Vegetable, Fruit, and Herb Gardening in March
March is one of the very busiest times of the year in our garden. We are turning over the soil to expose overwintering pests, redesigning beds
to make use of good crop rotation practices, and getting early spring food vegetables in the ground. It is a family tradition to get potatoes
in the ground by St.Patrick's Day. Peas are already popping their heads up ready to be covered with hay at the first sign of a hard snow or deep
freeze, which is always possible with unpredictable Oklahoma weather! The month of March is the transition from winter to spring and highly enjoyed!
- Sow seeds indoors for the following vegetables: broccoli,
cabbage, cauliflower, celery, eggplant and head
- On nice days, go outside and turn the compost pile. This will get it "cooking" again. It will also help you resist the urge to start working the soil too soon.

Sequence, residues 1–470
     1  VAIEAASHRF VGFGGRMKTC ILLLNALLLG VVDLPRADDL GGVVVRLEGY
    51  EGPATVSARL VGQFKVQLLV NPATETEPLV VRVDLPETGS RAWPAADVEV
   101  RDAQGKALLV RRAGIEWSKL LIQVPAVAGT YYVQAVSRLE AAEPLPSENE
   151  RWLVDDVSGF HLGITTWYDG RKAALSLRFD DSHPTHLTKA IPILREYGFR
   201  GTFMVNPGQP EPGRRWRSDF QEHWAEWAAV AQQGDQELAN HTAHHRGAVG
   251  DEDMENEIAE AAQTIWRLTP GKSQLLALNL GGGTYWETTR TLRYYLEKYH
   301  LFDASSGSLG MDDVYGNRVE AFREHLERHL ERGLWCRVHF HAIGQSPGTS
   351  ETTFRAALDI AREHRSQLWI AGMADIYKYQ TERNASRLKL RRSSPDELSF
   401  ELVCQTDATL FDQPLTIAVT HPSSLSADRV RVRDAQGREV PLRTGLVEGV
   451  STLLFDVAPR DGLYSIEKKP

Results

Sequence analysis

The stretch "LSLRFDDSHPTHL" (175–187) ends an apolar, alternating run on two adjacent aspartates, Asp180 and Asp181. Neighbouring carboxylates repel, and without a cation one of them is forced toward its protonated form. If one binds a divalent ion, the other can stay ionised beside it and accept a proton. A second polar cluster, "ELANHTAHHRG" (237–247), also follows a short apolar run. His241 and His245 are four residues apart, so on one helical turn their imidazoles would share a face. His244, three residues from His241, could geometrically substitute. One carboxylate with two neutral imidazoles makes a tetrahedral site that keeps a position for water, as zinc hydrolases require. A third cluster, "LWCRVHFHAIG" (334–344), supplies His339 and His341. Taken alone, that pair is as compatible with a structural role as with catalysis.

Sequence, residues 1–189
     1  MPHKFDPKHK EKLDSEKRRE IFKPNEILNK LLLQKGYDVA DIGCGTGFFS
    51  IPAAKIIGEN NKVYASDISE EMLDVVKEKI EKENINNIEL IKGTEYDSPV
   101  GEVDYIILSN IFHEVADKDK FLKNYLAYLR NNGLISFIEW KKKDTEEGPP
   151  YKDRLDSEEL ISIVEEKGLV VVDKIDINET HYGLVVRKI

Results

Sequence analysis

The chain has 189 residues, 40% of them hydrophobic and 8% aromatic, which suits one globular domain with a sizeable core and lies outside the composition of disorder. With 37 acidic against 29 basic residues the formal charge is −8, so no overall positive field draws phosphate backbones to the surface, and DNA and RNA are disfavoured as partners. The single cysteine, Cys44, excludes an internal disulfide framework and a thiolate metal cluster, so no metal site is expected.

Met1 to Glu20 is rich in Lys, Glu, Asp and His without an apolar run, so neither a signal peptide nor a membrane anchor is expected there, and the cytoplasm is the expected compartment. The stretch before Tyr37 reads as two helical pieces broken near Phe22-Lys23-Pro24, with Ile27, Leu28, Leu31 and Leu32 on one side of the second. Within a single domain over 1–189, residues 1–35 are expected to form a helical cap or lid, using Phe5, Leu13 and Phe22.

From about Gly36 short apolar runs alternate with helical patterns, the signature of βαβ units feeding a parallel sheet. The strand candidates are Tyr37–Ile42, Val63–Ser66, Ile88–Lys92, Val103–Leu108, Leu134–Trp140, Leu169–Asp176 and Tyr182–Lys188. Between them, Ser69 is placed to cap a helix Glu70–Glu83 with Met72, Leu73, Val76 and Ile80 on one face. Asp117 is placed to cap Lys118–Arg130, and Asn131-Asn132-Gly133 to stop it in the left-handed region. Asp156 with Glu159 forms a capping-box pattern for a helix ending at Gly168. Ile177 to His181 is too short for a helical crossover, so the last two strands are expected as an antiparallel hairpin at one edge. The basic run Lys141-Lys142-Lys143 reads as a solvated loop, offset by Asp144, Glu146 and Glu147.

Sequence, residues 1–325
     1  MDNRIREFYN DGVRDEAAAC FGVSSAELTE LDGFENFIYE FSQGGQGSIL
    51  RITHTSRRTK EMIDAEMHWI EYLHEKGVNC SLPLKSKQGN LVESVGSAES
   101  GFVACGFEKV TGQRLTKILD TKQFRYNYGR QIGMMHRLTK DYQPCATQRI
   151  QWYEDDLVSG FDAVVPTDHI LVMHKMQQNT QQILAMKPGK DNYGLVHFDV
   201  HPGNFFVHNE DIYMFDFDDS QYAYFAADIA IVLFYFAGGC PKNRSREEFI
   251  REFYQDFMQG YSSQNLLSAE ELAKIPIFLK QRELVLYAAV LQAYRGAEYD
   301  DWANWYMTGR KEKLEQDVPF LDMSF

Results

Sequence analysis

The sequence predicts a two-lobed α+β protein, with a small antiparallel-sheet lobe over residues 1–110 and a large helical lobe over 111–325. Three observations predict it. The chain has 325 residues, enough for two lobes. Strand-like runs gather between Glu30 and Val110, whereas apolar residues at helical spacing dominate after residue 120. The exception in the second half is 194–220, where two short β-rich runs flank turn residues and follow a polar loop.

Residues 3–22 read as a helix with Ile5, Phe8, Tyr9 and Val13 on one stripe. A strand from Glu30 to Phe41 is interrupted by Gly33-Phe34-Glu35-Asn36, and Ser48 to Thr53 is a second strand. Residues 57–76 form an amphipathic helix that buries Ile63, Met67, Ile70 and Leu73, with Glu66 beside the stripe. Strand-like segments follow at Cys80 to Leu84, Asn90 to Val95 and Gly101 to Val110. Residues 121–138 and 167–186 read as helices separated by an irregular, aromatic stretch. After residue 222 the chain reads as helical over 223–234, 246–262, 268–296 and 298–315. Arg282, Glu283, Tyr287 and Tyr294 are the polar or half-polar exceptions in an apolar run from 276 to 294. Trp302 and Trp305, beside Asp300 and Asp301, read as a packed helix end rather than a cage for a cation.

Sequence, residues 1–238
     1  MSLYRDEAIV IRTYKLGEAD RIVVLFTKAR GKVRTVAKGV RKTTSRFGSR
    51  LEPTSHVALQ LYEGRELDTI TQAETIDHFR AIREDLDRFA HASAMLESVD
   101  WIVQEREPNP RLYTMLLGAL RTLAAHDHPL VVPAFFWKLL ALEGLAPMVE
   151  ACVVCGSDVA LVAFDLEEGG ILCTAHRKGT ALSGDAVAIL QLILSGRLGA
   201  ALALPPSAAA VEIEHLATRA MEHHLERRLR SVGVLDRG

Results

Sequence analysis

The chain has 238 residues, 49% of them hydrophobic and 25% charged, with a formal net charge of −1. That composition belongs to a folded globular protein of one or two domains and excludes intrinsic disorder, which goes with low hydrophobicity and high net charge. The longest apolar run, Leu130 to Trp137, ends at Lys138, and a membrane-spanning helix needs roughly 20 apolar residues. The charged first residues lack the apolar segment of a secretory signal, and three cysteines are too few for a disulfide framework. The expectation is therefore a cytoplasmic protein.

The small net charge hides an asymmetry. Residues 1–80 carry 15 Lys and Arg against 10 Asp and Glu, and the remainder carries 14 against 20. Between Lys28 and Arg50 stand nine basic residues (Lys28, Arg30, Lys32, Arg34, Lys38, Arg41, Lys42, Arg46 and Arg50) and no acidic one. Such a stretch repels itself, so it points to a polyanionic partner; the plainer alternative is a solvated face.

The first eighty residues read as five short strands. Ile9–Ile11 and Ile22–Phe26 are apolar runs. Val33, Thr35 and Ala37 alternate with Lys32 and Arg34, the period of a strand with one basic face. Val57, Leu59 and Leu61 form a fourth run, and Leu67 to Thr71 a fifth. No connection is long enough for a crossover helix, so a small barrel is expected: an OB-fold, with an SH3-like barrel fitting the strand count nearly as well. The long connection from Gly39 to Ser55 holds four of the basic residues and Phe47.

- Coriander seeds make fragrant additions to potpourri. To grow coriander, sow seeds directly into beds as soon as the
danger of frost has passed. The planting should be located in full sun to partial shade in well-drained soil. Do not overfertilize
coriander, as high nitrogen will result in plants with decreased flavor.
- Parsley is rich in vitamins A and C. Start some seed indoors now for later transplanting to a sunny corner of the vegetable garden.
- Tops of onions seeded last month should be clipped to keep them at about 4 inches. This diverts energy to bulb growth.
- Pick a permanent spot for herbs in the garden. Many of them will come up year after year.
- A good, salt substitute for anyone who wants to restrict sodium intake is a blend of equal parts dried basil, dill, lemon balm, marjoram, mint, parsley, rosemary,
thyme and a few dashes of Hungarian paprika. The mixture will keep indefinitely in a dark glass or ceramic container.
We come from the earth, we return to the earth, and in between we garden.
The Art of Gardening
"Beautifully illustrated and practical Are you ready to take your garden from good to great?
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